It makes no sense to take an entire box and label it “collar stays” to contain the three that are in your closet, plus a separate labeled box for the two “extra buttons”, and a third for “safety pins”. There is nothing wrong with having one box labeled with whatever word you want to use to describe the assorted extras that we all have. There is nothing wrong with designating a catch-all drawer somewhere in your home.
Repeat after me – “junk” drawers are not inherently disorganized. As long as everything in there is functional and necessary, a junk drawer can be your best solution to objects that defy easy classification.
In short, “a place for everything, and everything in it’s place” is an excellent and apt rule, but sometimes the place for something IS the junk drawer. Embrace “the power of etc.”, close that drawer, and move on to the next project.
It’s that time again. As the old year draws to a close, we look ahead to the new one. We examine our lives and identify opportunities for self-improvement. We make a list of resolutions which, for too many of us, will be forgotten or abandoned by Spring.
Among the most common resolutions (after losing weight, getting in better shape, and improving our health) are getting organized, and reducing stress. Just as we recognize the tremendous positive impact that better eating and regular exercise have on our physical health, we recognize that having order in our life greatly impacts our mental and emotional health which, in turn, affects our physical health as well.
Unfortunately, many people approach resolutions in a way which practically guarantees that they will fail. Simply writing “Lose weight”, “Eat healthier”, “Exercise more” or “Get organized” does nothing to ensure that will happen; without insight, goals, commitment, and at least some form of a plan, those extra pounds, inches – or stress and chaos – will remain a part of your life.
- Consider why you want to get your life in order. If you’re only doing it because your boss, spouse, roommate, guilty conscience, etc. says you need to, you will find it hard to succeed. Motivation for any change has to come from within, so find yours.
- Determine what areas of your life are in order, and which aren’t. Are you paying late fees on overdue bills? Are you constantly scrambling to meet deadlines at work? Is getting dinner on the table every night a challenge? Do you miss events or appointments? Do you dread opening your closet? Identify the things that always seem to be falling through the cracks, or taking longer than you would like.
- Understand what you are doing now that is working for you, and what isn’t. Don’t worry if you write your to-do list in a pocket notebook while everyone around you seems to be using a smartphone app; if the items on your list get done, then your system is working okay for you. Think about how you are approaching things right now, and where the breakdown seems to be happening.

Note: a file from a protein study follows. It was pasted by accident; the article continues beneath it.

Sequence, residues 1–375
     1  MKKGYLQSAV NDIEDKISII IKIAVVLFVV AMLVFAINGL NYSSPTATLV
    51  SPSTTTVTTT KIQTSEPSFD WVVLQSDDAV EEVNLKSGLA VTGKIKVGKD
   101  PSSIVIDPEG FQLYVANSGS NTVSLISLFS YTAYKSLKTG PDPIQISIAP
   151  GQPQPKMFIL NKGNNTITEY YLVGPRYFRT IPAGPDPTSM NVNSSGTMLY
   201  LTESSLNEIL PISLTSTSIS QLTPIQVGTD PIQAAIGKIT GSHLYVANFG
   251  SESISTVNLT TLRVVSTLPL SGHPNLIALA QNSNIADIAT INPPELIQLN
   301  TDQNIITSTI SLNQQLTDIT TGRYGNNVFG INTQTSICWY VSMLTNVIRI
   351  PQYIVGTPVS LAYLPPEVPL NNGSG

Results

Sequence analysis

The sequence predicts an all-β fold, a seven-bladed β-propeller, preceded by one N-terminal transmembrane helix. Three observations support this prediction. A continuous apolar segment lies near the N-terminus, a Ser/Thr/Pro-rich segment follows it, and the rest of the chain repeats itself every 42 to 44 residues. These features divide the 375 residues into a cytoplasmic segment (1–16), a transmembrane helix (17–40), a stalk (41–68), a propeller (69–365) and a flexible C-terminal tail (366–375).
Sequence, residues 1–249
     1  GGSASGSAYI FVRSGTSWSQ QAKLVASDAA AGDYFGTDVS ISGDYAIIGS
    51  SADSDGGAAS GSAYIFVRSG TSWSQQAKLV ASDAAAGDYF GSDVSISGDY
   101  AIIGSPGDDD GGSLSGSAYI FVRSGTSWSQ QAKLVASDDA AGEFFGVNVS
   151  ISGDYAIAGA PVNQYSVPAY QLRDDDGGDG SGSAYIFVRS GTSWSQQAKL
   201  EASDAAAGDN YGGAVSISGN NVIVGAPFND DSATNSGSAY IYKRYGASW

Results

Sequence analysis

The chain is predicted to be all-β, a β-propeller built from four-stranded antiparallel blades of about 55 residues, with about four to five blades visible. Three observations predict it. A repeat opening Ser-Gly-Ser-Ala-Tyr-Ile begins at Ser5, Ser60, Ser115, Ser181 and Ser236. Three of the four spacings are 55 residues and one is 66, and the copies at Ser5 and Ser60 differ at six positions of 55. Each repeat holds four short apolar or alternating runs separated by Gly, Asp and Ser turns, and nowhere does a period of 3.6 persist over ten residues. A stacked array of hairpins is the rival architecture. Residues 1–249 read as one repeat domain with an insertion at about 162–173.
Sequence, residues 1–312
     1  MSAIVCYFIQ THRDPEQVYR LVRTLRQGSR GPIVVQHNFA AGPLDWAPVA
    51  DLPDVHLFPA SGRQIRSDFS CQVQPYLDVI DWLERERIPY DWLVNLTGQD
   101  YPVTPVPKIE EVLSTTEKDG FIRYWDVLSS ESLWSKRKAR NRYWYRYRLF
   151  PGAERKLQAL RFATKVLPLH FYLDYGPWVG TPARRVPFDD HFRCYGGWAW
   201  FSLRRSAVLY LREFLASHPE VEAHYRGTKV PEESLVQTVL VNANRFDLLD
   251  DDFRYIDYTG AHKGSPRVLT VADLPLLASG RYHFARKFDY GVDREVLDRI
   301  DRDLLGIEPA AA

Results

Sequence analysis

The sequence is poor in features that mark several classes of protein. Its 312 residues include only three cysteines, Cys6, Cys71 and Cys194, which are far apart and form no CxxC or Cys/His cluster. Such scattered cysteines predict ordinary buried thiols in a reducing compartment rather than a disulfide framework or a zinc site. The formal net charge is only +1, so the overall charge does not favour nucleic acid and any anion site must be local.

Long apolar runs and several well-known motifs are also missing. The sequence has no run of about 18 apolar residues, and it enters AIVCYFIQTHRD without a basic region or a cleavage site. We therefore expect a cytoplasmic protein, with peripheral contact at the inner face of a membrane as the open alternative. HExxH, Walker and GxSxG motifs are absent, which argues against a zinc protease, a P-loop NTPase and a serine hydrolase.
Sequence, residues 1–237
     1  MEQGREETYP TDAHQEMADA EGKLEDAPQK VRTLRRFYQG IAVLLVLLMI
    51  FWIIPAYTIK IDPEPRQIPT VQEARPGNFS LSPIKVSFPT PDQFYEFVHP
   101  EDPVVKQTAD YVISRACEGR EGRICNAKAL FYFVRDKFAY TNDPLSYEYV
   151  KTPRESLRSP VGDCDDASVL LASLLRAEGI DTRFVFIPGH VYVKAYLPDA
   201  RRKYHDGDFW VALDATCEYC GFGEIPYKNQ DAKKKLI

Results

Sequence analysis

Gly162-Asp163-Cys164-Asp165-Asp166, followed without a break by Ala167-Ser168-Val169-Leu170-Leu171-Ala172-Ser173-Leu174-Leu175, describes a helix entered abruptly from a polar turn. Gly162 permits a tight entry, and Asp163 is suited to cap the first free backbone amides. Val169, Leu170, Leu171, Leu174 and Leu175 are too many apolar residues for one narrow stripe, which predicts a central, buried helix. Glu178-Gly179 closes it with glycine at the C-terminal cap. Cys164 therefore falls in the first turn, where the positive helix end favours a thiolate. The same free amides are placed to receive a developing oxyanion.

- Prioritize. Don’t try to tackle everything all at once. Identify the biggest problem area, and address that first. Look at everything that you previously identified as not working, and ask yourself “How much does this bother me?” Don’t worry right now about whether it should or not.
Remember that you can do it; there’s no such thing as “naturally organized”. It comes easier to some than others, but everyone can improve from where they start.
Remember that you don’t have to (and can’t) do it all at once; small steps are still progress. Just like losing ten pounds provides measurable benefits – even if you need to lose 100 – getting one area of your life in order provides a calming, positive impact even if five other areas are still in chaos.
Remember that, if what you’ve done in the past didn’t work, it isn’t a failure; it just means that it wasn’t the right approach for you. Success is less about finding the “one right solution” than about working with your strengths, and being motivated.
“Spring is the time of plans and projects.”
- Leo Tolstoy, Anna Karenina
–noun. In temperate zones, the season of the year following winter and characterized by the budding of trees, growth of plants, the onset of warmer weather, etc.
Of course, it is also the season that motivates so many of us to make changes; to start fresh. Why not make the most of it, and go beyond just ‘spring cleaning’ this year, and do something that will bring order to your life all year long?
Here are a few ideas:
- Start by remembering your ‘why’. Cleaning out the pantry, organizing the garage, or purging the bathroom cabinets, is not an end in and of itself. It is the means by which you will create more order in your life.
- Start with a few small projects. Allot 30 minutes or an hour, and go all out during that time. Make sure you pick something that you can reasonably accomplish in that time. It may not seem like much, but you will be amazed after just a few weeks at what a difference you have made!
- Pick a larger project that is meaningful to you. Tackle something that’s been weighing on you for months (maybe years, or ever since you moved in), and that will provide a real sense of accomplishment when it’s completed.
- Make it a family affair. Have a family meeting and brainstorm a few projects. Write them down on pieces of paper, and pick one each week. In a separate jar, make a list of fun family activities. For each project you complete as a family, choose a reward and enjoy the time together.
- Utilize everyone’s strengths. Your spouse is aces at spatial relations? Let them design the shelving system for the garage. Your 8-year old loves to play with the label maker? Let her type up all of the labels for the pantry. Your 14-year old wants no part of any of this? Let him make a playlist to listen to while you’re working; or just let him put his headphones in and bag up the trash, or carry donations to the car.
- Plan a get-together or party with friends in a few weeks. Have that date be the deadline by which you want to finish your project. It will serve as both motivation and reward.